WHAT is the use of putting our heads into the sand and dreaming of an impossible glory? Will it come by dreaming, by denying facts, by shutting our eyes to the enormous pain, and woe, and bitterness of things? Let us be brave and frank. Fling optimism to the winds, and recognize the burden of life, and bear it courageously. Recognize that this universe is for us a battle-ground, and if we don’t fight We shall be borne under by advancing millions. Keep in mind that all the justice in the universe is human justice, and all love human love, and all wisdom human wisdom.—Samuel P. Putnam in “My Religious Experience.”
THE subjective origin of invasion in general is perhaps never better exemplified than in the well-meaning assurance with which a number of adults will obtrude their philoprogenitive impulses on a helpless babe.
The Science of Social Relations.
By the law of the Three Stages, so elaborately set forth by Auguste Comte, we are told that every science, each branch of knowledge, passes through three different theoretical conditions; the theological, or mythical; the metaphysical, or speculative; and the positive or scientific. “Hence,” said Comte, “arises three philosophies, or general systems of conceptions on the aggregate of phenomena, each of which excludes the other. The first is the necessary point of departure of the human understanding; and the third is its fixed, or definite, state; the second is merely a state of transition.”
This generalization is strikingly illustrated in the metaphysical character of current discussions of social problems, which are everywhere in the crucible of analysis. Every passage from one social system to another is accompanied by a transitional stage wherein scientific convictions are not yet reached and the old figments of the imaginative stage still survive to figure as metaphysical entities supposed in some way to control phenomena and determine events.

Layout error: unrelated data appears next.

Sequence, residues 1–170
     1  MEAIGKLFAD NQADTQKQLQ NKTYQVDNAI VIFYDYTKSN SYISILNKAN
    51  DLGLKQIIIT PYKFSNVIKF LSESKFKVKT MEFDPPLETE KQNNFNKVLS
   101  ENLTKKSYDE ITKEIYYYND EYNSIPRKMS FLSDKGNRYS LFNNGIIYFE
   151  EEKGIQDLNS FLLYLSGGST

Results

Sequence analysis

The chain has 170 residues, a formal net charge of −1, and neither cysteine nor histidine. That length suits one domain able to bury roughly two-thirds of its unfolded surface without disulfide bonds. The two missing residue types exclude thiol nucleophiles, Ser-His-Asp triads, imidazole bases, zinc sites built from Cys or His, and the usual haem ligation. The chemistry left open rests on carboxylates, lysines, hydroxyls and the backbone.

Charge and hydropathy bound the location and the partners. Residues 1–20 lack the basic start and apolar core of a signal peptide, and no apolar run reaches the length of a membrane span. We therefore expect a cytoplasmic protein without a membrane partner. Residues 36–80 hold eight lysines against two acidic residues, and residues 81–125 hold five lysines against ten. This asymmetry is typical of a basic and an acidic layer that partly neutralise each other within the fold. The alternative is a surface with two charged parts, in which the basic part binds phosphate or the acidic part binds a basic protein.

An illustration may be cited. The imaginative conception of the Nile and the Ganges as deities gave place later to more abstract conceptions. In the metaphysical stage this passed through a still further abstraction and became the Aqueous Principle. Thus in the middle age, the properties of water, such as being wet, were deemed fully accounted for by stating that its cause was the nature of Aquosity. Words were taken for events and endowed with generative causation. In the historical field this method has had full play, and to it we are indebted in no small degree for the incoherence distinguishing the political and social world.
The philosophy of history in its highest conception embraces not only the study of civilization and the underlying ideas which determine and interpret its course, but the search for its ultimate end, the true theory of order and progress, and a synthetic grouping of the phenomena of social life. Has human history any comprehensive significance? What is the law of progress? Is the evolution of social life interpretable by reason? In these great questions, it will at once be seen, exists the opportunity for the freest display of speculative inquiry. The first and most obvious interpretation of the phenomena of social life, was that of a direct guidance by divine providence in human affairs, watching over and determining all human actions; and even today the press groans beneath the works unceasingly turned out by